Donner Party Monument - Cannibals!
The bronze figures of a pioneer family peering westward are scaled large, topping a tall stone pedestal in a pass through the Sierra Nevada Mountains at Donner State Park. Today I-80 effortlessly gets you there, and on to the Pacific coast in a few hours. Back in 1846 it wasn't so easy, as the group of pioneers known as the Donner Party discovered.
They didn't plan well. The families, some 87 emigrants, embarked in their wagon train into the mountains too close to winter, and stalled out near Donner Lake, with snow 22-ft. deep in places. Only 48 ultimately were rescued the following Spring. Survivors provided accounts of starvation and of some of the group resorting to cannibalism.
The site became an unofficial tourist attraction within a few years (and during milder seasons); a state park was created in 1927, and the museum was called the Donner Party Museum. But times changed. California became less interested in embracing its cannibal past, preferring the more optimistic and inclusive "Emigrant Trail Museum."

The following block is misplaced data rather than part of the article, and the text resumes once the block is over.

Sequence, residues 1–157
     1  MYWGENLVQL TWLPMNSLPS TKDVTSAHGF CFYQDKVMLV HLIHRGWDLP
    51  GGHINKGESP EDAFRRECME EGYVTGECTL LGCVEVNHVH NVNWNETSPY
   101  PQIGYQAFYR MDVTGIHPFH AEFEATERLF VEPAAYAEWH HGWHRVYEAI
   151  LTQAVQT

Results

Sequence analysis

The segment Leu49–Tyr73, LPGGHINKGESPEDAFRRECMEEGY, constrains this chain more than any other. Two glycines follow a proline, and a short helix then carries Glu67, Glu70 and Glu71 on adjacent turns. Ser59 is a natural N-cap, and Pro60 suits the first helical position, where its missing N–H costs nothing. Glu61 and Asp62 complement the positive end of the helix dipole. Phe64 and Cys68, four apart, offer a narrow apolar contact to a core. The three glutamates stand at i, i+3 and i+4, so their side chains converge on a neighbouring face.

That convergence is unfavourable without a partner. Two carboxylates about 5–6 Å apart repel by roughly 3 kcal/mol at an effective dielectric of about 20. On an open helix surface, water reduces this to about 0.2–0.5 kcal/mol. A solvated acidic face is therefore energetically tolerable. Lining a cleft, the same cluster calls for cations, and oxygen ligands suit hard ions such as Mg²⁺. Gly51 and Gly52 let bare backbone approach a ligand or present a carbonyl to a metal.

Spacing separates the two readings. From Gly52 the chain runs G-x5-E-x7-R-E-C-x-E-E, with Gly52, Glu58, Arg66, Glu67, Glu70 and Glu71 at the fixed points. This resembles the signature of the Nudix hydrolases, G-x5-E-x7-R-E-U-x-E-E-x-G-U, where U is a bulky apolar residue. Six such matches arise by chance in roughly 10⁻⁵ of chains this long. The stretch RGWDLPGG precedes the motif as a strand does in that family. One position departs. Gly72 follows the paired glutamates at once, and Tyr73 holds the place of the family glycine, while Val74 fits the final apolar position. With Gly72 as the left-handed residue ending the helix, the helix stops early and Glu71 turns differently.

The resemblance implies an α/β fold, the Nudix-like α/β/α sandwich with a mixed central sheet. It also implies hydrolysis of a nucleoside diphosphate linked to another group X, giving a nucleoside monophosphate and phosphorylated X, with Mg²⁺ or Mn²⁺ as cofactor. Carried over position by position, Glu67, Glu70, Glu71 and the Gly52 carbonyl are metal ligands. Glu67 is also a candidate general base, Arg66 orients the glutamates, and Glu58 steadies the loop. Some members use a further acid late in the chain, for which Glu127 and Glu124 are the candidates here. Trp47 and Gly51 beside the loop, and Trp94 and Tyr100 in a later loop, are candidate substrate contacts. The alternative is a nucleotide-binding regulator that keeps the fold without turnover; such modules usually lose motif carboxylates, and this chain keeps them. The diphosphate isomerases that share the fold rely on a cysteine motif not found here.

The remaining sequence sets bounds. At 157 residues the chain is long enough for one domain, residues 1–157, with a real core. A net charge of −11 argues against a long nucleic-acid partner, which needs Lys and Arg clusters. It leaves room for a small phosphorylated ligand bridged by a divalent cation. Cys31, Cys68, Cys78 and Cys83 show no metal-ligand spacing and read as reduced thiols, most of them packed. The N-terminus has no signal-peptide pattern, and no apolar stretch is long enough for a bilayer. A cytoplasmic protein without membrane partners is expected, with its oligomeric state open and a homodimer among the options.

The statue went up at the site of the Donner camp in 1918. The stone pedestal is 22-ft. tall, so that you can be awed by the depth of the snow. The plaque on the front of the statue, which used to mention the human dining horror, is now a vaguely worded bromide to the "pioneer spirit." Tourists ravenous for tales of cannibalism won't find it here, but they can walk a half-mile along the nature trail to a ten-foot-high rock, which has the names of the survivors on one side, the names of the (possible) human entrees on the other. It's the only surviving memorial to the Donner Party.